A 'neurosteroid' found to prevent brain injury caused by HIV/AIDS
New research in The FASEB Journal suggests that a network of steroid molecules found in the brain is disrupted
during HIV infection, and treatment with the steroid DHEA-S prevents brain damage
February 1, 2013 - Bethesda, MD - A team of scientists from Canada, Thailand and Morocco have found that
DHEA-S may prevent neurocognitive impairment that affects a significant percentage of AIDS patients. In a report appearing in the
February 2013 issue of The FASEB Journal, they describe how a network of steroid molecules found in the brain, termed
"neurosteroids," is disrupted during HIV infection leading to brain damage. This suggests that treatment with one of
these steroid molecules, called DHEA-S, may offset the disruption caused by the virus to prevent or reduce brain damage.
"From these studies, we have gained a better understanding of how HIV injures the brain during AIDS, together with developing
a new treatment approach for the resulting neurological disabilities arising from HIV/AIDS," said Christopher Power, M.D., co-author of
this study from the Department of Medicine at the Medical Research Centre at the University of Alberta in Edmonton, Canada.
To make their discovery, Power and colleagues initially found that neurosteroid enzyme levels were suppressed in the brains
of people with HIV/AIDS and that a neurosteroid molecule, DHEA-S, prevented damage to cultured brain cells (neurons) caused by HIV. Then,
using an animal model of AIDS, they showed that treatment with DHEA-S prevented neuronal damage in the brain by reducing the adverse
effects of HIV. Neurosteroids have already been proposed as treatments for epilepsy, head injury, post-traumatic stress disorder
and depression, and these findings extend the potential treatment applications for neurosteroid-related molecules.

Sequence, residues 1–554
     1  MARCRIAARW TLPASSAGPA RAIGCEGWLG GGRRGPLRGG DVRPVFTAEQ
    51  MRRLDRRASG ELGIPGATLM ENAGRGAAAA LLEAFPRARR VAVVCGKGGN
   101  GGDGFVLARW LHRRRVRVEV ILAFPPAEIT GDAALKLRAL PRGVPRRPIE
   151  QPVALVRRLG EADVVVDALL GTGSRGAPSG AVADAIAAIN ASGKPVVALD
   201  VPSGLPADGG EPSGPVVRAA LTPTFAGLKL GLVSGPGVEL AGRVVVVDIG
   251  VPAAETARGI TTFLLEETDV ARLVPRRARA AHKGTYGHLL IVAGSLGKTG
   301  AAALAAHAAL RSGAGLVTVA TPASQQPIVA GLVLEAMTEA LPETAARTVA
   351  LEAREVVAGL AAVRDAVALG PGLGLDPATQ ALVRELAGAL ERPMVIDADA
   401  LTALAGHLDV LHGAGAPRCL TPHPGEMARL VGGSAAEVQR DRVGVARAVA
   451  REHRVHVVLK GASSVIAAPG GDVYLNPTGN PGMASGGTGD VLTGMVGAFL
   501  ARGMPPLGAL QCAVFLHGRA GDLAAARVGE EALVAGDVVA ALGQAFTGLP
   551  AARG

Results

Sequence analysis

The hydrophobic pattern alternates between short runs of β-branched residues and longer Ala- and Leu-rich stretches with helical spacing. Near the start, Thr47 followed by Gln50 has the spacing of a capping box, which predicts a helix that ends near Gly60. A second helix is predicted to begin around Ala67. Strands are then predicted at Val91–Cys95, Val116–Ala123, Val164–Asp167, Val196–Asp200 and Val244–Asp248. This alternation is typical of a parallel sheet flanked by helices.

"Most people know that AIDS wreaks total havoc on our immune systems," said Gerald Weissmann, M.D., Editor-in-Chief of The
FASEB Journal, "but far fewer people know that the disease can also lead to noticeable brain damage. This research study offers an
explanation why this occurs as well as a possible solution for preventing it. The next steps, of course, involve looking into
whether or not people will benefit from some form of DHEA-S treatment."
Receive monthly highlights from The FASEB Journal by e-mail. Sign up at http://www.faseb.org/fjupdate.aspx .
The FASEB Journal is published by the Federation of the American Societies for Experimental Biology (FASEB). It is among the most cited biology journals worldwide according to the Institute for Scientific Information and has been recognized by the Special Libraries Association as one of the top 100 most influential biomedical journals of the past century. FASEB is composed of 26 societies with more than 100,000 members, making it the largest coalition of biomedical research associations in the United States. Its mission is to advance health and welfare by promoting progress and education in biological and biomedical sciences through service to its member societies and through collaborative advocacy.
Details: Ferdinand G. Maingat, Maria J. Polyak, Amber M. Paul, Pornpun Vivithanaporn, Farshid Noorbakhsh, Samir Ahboucha, Glen B. Baker, Keir Pearson, and Christopher Power. Neurosteroid-mediated regulation of brain innate immunity in HIV/AIDS: DHEA-S suppresses neurovirulence.
FASEB J February 2013 27:725-737; doi:10.1096/fj.12-215079; http://www.fasebj.org/content/27/2/725.abstract .
Federation of American Societies for Experimental Biologyhttp://www.faseb.org/
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